I worked in startups and small companies for much of my career. In recent years, I've become increasingly concerned about how accelerating automation threatens to displace multitudes of workers. In my view, providing income AND meaning for these people is the greatest unmet need of our time.
From 2004 - 2008, I edited an international investment advisory about bleeding edge tech companies. I was exposed to a wide swath of technologies that are evolving and converging to transform the world. While most have the potential to do enormous good, they are also highly disruptive.
Many believe that accelerating automation will create more jobs than it destroys, as has happened before. However, for the first time, AIs and the robots they control are now learning the same way as do people: through observation, trial, error, and correction. This means that while new jobs will appear, there's a real risk that machines will learn them faster than people, then do them more reliably and cheaper.
The easiest and fastest way for management to improve profitability is to cut costs. Therefore, when cost/benefit analysis finds that a machine is cheaper than a person (including capital equipment v. training, maintenance v. healthcare, salary and benefits, etc.), they will jettison these "human resources".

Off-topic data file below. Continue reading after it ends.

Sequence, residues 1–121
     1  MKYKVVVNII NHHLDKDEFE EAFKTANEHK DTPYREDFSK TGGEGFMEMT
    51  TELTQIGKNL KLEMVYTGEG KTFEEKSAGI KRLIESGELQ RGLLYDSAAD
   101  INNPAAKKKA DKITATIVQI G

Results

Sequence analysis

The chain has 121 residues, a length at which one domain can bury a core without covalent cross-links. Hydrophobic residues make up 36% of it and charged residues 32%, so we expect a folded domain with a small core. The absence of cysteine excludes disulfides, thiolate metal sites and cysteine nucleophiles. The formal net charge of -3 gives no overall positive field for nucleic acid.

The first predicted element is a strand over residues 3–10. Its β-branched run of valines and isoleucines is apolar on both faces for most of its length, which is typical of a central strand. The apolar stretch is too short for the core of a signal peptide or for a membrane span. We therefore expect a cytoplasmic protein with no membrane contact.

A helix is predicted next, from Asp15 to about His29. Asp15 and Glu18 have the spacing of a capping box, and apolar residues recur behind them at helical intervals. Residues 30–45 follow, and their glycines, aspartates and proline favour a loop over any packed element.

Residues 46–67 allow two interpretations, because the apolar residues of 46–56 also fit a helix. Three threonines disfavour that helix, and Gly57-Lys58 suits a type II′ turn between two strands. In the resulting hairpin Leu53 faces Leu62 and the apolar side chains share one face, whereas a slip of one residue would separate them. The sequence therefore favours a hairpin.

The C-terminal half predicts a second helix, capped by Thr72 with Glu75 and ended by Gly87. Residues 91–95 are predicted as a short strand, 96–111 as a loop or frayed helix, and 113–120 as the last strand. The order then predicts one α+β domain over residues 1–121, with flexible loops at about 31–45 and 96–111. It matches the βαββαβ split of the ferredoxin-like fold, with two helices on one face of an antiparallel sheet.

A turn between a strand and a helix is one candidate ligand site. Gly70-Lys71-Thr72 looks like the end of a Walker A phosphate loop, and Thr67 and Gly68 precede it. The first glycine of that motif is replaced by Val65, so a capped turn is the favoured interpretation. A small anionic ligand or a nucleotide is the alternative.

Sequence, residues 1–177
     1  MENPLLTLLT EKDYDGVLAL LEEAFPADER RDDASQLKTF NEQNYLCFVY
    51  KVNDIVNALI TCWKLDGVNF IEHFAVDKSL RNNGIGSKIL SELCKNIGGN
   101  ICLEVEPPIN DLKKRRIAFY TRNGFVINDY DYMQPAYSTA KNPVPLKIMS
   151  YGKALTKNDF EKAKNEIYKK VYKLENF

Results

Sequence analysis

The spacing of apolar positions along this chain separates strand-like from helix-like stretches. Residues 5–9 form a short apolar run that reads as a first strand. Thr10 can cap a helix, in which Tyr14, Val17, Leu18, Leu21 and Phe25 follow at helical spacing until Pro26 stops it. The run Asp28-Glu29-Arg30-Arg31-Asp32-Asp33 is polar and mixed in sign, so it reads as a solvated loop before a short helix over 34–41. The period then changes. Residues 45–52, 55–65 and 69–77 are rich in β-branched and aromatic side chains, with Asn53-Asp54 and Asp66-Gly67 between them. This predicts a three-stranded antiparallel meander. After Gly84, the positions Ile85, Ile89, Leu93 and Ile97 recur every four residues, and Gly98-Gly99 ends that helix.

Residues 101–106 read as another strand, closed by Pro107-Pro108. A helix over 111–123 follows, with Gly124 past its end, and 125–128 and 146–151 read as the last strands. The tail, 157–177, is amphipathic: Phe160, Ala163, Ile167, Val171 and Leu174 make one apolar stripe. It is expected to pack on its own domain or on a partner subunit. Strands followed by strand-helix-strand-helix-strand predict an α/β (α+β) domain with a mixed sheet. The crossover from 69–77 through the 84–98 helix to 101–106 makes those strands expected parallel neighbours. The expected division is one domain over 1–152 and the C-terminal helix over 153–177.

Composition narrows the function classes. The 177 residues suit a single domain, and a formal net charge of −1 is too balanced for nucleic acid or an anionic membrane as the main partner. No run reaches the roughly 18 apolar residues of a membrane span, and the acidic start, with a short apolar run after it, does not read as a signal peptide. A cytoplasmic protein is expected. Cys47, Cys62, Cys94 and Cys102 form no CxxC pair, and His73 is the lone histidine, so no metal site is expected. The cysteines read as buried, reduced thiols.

Others, who agree with me about the threat, believe that a guaranteed income (UBI) will solve the problem. I have argued that conventional approaches won't suffice. (http://bit.ly/2tVqUAK). However, an ally has now developed a new approach that addresses those concerns. (http://bit.ly/2DV3Dkd).
But even a viable UBI leaves important deficiencies; notably meaning and sense of community.
For these reasons, we are proposing a new, systemic solution. It applies Silicon Valley's principles of industrial disruption on the level of society. It can be developed, debugged and refined as an online simulation. Then, it can be piloted in one small area. Private citizens can lead this project. A new model society can thus be created, using capitalist principles to evolve beyond capitalism into a new system.
All of the existing "isms" are rooted in scarcity thinking. For the first time in history, we have the technologies to create a society rooted in systems of sustainable abundance.
While we cannot eliminate the darker aspects of human nature, such a society will constantly nudge its residents in positive directions, while compelling only those behaviors which are necessary for adherence to its consensually derived Charter. Further, by embracing the adoption of best practices from all sources, and using the scientific method of experimentation to discover improvements not yet known, it will approach ever more closely, while never attaining, the perfection which utopias promise in an illusory manner.